There is good evidence that the QoL might be improved by physical exercise [20] . However, it was not clear if this result may be extrapolated for stroke victims. Although not all studies included in this review have assessed this outcome or demonstrated unequivocal results, some have demonstrated that aerobic conditioning was able to improve the QoL in post-stroke individuals. However further studies are necessary to establish the level of evidence related to this finding.

There is a vast literature approaching falls in the elderly [51] . However, data related to falls in stroke survivors are limited. Yet, the studies that address the topic have consistently confirmed that it is a common event, after stroke in the acute setting (>25% during Phys Rehab) and in the long term [14] . Studies have demonstrated that approximately 40% or more stroke victims will fall, at least once, in the first six months after the stroke [7] . The risk of fall predictors in stroke victims are scarce and conflicting, but include functional (as weakness), cognitive, sensorial (as the loss of balance) deficits, depression and association of some medicines [48] [51] [52] . A low aerobic capacity is also a major determinant of a poor bone health (osteoporosis) in individuals post-stroke, that predisposes subjects to falls [7] . It is associated to a high morbimortality because of frequent fractures, resulting in the lack of activity, increasing therefore the risk of a new vascular event [4] . Recent studies, as the meta-analysis developed by Sherrington et al. concluded that there are strong evidences that physical exercise decrease the risk of falls in the elderly. However, Quinn et al. found that in post-stroke individuals there was no sufficient evidence to recommend any type of specific exercise to prevent falls. The authors discuss that in Phys Rehab including walking, there was an increase in the number of falls in this population, maybe due to the increased walking frequency. However, the results of the present study were not enough to establish evidences that the increase in the number of falls is a complication resulting from the AE or that aerobic conditioning decreased the number of falls in this population.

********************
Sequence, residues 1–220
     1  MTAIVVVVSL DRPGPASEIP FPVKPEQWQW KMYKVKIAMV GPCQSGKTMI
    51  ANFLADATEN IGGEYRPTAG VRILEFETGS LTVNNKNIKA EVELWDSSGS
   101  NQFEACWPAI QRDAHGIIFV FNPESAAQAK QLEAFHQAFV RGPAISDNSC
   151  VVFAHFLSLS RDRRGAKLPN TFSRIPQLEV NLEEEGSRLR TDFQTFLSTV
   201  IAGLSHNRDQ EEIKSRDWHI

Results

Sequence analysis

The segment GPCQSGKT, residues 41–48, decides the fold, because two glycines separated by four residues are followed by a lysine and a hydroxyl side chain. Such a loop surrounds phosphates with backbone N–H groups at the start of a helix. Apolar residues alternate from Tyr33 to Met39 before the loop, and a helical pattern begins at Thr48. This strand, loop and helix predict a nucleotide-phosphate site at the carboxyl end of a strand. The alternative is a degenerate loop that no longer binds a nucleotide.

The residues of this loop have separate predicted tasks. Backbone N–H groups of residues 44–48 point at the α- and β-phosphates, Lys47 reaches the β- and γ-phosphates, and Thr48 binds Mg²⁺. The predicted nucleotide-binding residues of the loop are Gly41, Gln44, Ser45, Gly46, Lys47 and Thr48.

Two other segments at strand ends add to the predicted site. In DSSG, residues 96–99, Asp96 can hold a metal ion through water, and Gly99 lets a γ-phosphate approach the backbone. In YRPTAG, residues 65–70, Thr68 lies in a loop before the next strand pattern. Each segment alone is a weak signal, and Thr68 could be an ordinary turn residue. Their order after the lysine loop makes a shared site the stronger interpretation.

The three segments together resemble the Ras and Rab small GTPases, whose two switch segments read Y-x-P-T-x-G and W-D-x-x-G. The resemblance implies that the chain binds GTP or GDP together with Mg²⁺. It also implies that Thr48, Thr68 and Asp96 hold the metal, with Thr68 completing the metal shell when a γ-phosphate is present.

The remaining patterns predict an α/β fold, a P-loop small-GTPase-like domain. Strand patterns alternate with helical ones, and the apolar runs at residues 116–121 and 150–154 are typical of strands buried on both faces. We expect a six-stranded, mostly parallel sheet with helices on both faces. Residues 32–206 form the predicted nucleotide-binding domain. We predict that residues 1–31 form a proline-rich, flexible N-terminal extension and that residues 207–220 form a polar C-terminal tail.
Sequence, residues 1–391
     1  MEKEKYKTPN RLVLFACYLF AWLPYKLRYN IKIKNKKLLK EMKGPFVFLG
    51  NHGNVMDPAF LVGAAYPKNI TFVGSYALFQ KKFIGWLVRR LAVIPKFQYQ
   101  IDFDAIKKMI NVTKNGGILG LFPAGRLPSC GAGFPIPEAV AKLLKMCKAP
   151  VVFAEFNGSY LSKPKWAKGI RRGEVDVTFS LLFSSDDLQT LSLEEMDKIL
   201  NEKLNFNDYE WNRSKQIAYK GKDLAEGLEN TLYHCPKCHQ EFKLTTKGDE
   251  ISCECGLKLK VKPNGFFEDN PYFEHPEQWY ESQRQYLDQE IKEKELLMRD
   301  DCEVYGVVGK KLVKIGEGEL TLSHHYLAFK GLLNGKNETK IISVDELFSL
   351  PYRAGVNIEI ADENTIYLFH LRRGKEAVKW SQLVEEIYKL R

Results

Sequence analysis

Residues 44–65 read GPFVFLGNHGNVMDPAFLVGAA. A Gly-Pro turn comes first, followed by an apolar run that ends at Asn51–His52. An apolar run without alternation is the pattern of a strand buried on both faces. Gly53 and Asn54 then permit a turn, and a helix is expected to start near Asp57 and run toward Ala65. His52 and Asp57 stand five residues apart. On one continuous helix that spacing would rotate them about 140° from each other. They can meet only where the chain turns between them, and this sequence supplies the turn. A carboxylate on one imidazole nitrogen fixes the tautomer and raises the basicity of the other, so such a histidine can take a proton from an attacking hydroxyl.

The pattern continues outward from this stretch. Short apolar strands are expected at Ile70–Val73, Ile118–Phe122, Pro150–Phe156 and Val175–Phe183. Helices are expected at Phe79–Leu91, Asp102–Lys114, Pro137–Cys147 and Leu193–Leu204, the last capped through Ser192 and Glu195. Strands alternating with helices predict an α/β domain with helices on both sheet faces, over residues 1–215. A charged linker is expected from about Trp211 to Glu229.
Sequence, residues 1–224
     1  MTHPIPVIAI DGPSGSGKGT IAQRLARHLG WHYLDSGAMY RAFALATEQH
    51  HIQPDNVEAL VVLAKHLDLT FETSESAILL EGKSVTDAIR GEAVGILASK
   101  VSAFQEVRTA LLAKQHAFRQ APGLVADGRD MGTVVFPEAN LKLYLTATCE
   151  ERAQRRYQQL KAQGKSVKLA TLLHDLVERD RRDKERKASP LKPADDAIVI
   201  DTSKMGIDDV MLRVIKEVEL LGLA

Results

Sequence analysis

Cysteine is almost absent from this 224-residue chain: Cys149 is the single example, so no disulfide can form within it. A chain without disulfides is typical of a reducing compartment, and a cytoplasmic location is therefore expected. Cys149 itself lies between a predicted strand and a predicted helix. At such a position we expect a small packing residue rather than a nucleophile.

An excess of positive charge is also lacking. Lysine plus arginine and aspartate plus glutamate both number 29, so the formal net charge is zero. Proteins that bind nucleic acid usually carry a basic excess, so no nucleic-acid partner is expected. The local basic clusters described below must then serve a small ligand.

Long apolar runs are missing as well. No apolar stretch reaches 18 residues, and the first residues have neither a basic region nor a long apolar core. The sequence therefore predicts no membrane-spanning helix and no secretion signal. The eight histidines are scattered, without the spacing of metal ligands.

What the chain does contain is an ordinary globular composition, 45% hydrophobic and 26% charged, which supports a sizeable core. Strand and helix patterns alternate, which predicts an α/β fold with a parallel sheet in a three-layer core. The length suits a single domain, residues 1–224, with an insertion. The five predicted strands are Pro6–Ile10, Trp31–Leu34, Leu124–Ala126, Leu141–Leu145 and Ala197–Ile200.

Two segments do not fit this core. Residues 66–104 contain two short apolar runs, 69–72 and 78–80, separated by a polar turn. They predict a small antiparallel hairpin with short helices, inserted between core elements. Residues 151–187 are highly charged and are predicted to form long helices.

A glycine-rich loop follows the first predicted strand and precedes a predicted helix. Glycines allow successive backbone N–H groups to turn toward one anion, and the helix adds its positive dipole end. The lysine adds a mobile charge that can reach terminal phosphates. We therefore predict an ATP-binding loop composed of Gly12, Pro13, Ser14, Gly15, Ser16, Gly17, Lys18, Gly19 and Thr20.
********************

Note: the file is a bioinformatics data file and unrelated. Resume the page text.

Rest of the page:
According to the ACSM, the risk of sudden death or AMI is very low in healthy adults during activities of moderate intensity [20] . However, the risk of cardiovascular complications increases during vigorous activities, especially in people with latent or documented Coronary Arterial Disease (CAD) or sedentary lifestyle. The ACSM recommends symptom-limited exercise testing before vigorous exercise (>60% VO2max) is undertaken by men ≥45 years and women ≥55 years, those with 2 or more major cardiac risk factors, persons with any signs or symptoms of CAD or those with known cardiac, pulmonary, or metabolic disease [21] . However, recommendations about stress test and parameters for a safer physical exercise in stroke patients have not been found. The CPGMSR [48] recommends that individuals post-stroke should have their vital signs monitored during the Phys Rehab and consider interrupting the therapy when there are sudden changes in HR, BP, temperature, O2 saturation or symptoms such as precordial pain, dyspnea or syncope. None of the studies included in this review addressed the monitoring and vital signs of the participants. Nevertheless, only few complications were described in the included studies and are not different from the ones described for seniors or stroke victims without intervention. The association between AE and stroke mortality was investigated in healthy men, ranging in age from 40-87 years, in the Aerobics Center Longitudinal Study Database [53] . The 10-year follow up demonstrated that men moderate- and high-fitness groups had a lower risk of stroke death than men who were in the lowest-fitness group at baseline [50] . In the present study only one review addressed mortality as an outcome and did not show any conclusive result. Therefore, no association could be made between AE and mortality in stroke victims.

5. Conclusion

Aerobic exercise should be included in the Phys Rehab of stroke survivors which main purpose is to improve the physical capacity, favoring the skill to perform DLA and gait. It is possible that AE improves the QoL in patients with stroke. No conclusions can be drawn stating that AE is able to decrease the recurrence of stroke, number of falls or mortality.

Clinical Message

The Phys Rehab of stroke patients might include not only the functional aspects but also measurements to prevent secondary complications, changes in their life style and decrease the risk factors in order to change the natural history of disease.


*Corresponding author.

Conflicts of Interest

The authors declare no conflicts of interest.